When her husband, Ashton B. Carter, the former defense secretary under President Barack Obama, died of a heart attack at home last October, Stephanie Carter was left with many questions about the future.
But one thing she knew right away: She no longer wanted to live in the three-bedroom rental in Boston where it happened.
“I knew immediately I did not want to be in that apartment,” Ms. Carter, 54, said. Days after losing Mr. Carter, she contacted her building’s leasing office about finding a smaller apartment.
“I think people underestimate — or, at least, I did before this — how much grief, loss and trauma inhabit your physical space,” she said. “We don’t think about how our physical surroundings can really be so integral to how we’re feeling.”
Planning to radically downsize, she rented an 822-square-foot one-bedroom in the same building for $5,700 a month, with the notion of moving in at the beginning of December. That left her with about four weeks to design her new apartment and figure out what to do with a lifetime’s worth of belongings.
For help, Ms. Carter called on two professionals she had worked with in the past: Barbara Vail, the interior designer who had designed the couple’s three-bedroom apartment, and Rachel Rosenthal, an organizer who had helped the Carters with previous moves and planned their wedding.
For her new home, Ms. Carter didn’t want to cherry-pick a few pieces of furniture from her old home — she wanted an entirely new environment. She made plans to sell or give away most of her furniture and accessories to friends and neighbors, and provided Ms. Vail with some basic direction.
“I told her I wanted to live in a Nancy Meyers movie,” Ms. Carter said, naming the filmmaker behind movies like “Something’s Gotta Give” and “It’s Complicated,” which had sets that inspired many real-life imitators.
Ms. Vail was up for the challenge. “The main goals were to make it healing, comfortable, cozy and inviting,” she said. “It was going to be a different aesthetic than her old apartment, which was a little more modern. It was going to have a warm, textural, patterned feel to it.”
And she didn’t flinch at the tight time frame. While buying new furniture frequently requires waiting many weeks or months for delivery, Ms. Vail focused on using only in-stock and vintage items.
The living room, for instance, is anchored by a green velvet sofa from Joss & Main and a marble-and-brass coffee table from Anthropologie, which Ms. Vail placed on a vintage Turkish rug, along with a pillowy ottoman from Target.
In the bedroom, she used removable floral wallpaper from Chasing Paper. “We did that to be renter-friendly, but still create an eclectic, custom look,” Ms. Vail said. Then she added a bed from Maiden Home and rattan night stands from Ballard Designs, topped by sculptural lamps with block-printed, pleated fabric shades.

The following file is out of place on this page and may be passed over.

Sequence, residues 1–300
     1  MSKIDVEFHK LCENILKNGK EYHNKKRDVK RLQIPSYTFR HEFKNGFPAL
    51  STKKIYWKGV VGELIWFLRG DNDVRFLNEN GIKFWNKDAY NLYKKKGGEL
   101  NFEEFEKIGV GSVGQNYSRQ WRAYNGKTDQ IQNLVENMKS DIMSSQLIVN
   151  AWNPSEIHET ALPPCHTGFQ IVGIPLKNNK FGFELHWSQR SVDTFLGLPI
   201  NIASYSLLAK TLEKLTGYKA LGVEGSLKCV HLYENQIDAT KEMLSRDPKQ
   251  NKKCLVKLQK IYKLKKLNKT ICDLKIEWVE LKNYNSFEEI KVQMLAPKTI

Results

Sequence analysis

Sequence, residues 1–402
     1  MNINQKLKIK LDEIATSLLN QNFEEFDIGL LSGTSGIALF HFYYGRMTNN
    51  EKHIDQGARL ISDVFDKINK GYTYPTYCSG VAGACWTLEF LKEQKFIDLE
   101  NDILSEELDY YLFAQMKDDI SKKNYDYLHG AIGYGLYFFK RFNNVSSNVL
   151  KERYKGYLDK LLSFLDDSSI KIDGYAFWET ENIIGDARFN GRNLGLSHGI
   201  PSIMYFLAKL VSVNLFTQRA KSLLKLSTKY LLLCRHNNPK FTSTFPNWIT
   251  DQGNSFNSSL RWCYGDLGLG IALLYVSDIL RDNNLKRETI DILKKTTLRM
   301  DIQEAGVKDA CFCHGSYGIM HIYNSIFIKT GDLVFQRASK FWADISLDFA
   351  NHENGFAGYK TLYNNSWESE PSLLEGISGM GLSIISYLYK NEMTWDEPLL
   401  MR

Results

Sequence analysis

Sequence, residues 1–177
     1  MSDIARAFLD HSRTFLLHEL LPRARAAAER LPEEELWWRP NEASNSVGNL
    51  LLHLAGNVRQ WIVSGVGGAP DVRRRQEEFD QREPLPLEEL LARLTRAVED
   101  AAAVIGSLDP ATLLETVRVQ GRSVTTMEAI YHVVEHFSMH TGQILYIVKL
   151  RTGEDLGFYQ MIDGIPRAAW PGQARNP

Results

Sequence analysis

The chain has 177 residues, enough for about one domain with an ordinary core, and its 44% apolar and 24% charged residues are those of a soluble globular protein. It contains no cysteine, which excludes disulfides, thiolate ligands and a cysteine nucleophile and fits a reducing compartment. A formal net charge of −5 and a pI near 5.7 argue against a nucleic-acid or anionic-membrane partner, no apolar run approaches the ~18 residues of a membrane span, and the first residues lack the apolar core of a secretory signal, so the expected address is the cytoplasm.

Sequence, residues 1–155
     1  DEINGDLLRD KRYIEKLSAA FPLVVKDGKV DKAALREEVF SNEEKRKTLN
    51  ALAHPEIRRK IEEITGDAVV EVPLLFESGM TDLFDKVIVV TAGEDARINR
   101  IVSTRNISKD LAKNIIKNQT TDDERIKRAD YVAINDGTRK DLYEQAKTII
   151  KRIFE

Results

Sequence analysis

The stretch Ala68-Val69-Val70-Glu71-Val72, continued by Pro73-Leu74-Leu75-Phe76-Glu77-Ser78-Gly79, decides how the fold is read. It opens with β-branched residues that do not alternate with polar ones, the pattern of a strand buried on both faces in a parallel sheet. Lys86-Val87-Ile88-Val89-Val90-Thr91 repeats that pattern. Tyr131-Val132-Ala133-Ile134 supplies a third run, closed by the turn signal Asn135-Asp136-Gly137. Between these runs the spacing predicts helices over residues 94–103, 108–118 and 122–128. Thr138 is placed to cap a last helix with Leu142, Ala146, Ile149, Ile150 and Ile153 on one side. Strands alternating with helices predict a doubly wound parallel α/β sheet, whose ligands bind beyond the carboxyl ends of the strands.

At the same time, Ms. Rosenthal was helping Ms. Carter clear out her old home while preserving important mementos of her time with Mr. Carter.
“I’m a big believer that physical clutter creates emotional clutter,” Ms. Rosenthal said, so she helped Ms. Carter donate everyday things that held little meaning — her husband’s clothing and office supplies, for example — keeping only the pieces that really mattered.
Although Ms. Carter’s new home offers a fresh start, it is filled with things that evoke memories of Mr. Carter: photos of the couple together, framed handwritten notes and other objects. In the living room, Ms. Carter mounted one of his favorite neckties in a shadowbox. She did the same with an old tennis racket he dutifully brought on every vacation but rarely used.
“I like to think that we were always having so much fun on vacation that he didn’t think he needed to add in a sport,” Ms. Carter said.
She framed a handwritten note saying “Kwispies for NYC plz” — Mr. Carter’s way of asking her to make brown-butter Rice Krispies treats for a trip — as well as an elaborate equation reflecting his work as a physicist.
She added a few new pieces, including Herend ceramic figurines of a lion and a squirrel. “I called Ash ‘Lion’ and he called me ‘Squirrelly,’” she explained. “All these things make me feel like he’s with me in a great way, not in a preserved-in-amber way.”
Now Ms. Carter is writing a book about dealing with loss, which she described as “a handbook that looks at how you put one foot in front of the other in practical ways, with your body, your mind, your spaces.”
The focus, she added, is on “day-to-day, action-oriented ways you can move forward.”
Her new home is one such example. “It has been so calming, and I really feel happy,” she said. “It does make a difference to me to wake up here.”
Living Small is a biweekly column exploring what it takes to lead a simpler, more sustainable or more compact life.
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